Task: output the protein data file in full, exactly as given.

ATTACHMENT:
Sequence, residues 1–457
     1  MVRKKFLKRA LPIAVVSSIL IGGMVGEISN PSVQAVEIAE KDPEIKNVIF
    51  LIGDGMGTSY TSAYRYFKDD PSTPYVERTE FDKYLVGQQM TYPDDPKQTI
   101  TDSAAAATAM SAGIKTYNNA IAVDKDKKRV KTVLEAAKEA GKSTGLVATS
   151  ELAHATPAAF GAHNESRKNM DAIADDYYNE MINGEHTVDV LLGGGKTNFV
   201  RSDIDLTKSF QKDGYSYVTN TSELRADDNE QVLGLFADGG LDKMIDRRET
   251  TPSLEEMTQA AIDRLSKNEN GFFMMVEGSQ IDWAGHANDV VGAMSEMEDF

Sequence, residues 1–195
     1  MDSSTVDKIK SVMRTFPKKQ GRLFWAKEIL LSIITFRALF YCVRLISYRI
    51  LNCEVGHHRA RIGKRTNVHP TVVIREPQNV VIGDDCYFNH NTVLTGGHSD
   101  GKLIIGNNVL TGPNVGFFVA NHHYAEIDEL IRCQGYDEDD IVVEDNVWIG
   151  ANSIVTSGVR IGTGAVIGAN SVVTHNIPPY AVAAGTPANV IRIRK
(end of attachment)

Sequence, residues 1–457
     1  MVRKKFLKRA LPIAVVSSIL IGGMVGEISN PSVQAVEIAE KDPEIKNVIF
    51  LIGDGMGTSY TSAYRYFKDD PSTPYVERTE FDKYLVGQQM TYPDDPKQTI
   101  TDSAAAATAM SAGIKTYNNA IAVDKDKKRV KTVLEAAKEA GKSTGLVATS
   151  ELAHATPAAF GAHNESRKNM DAIADDYYNE MINGEHTVDV LLGGGKTNFV
   201  RSDIDLTKSF QKDGYSYVTN TSELRADDNE QVLGLFADGG LDKMIDRRET
   251  TPSLEEMTQA AIDRLSKNEN GFFMMVEGSQ IDWAGHANDV VGAMSEMEDF

Sequence, residues 1–195
     1  MDSSTVDKIK SVMRTFPKKQ GRLFWAKEIL LSIITFRALF YCVRLISYRI
    51  LNCEVGHHRA RIGKRTNVHP TVVIREPQNV VIGDDCYFNH NTVLTGGHSD
   101  GKLIIGNNVL TGPNVGFFVA NHHYAEIDEL IRCQGYDEDD IVVEDNVWIG
   151  ANSIVTSGVR IGTGAVIGAN SVVTHNIPPY AVAAGTPANV IRIRK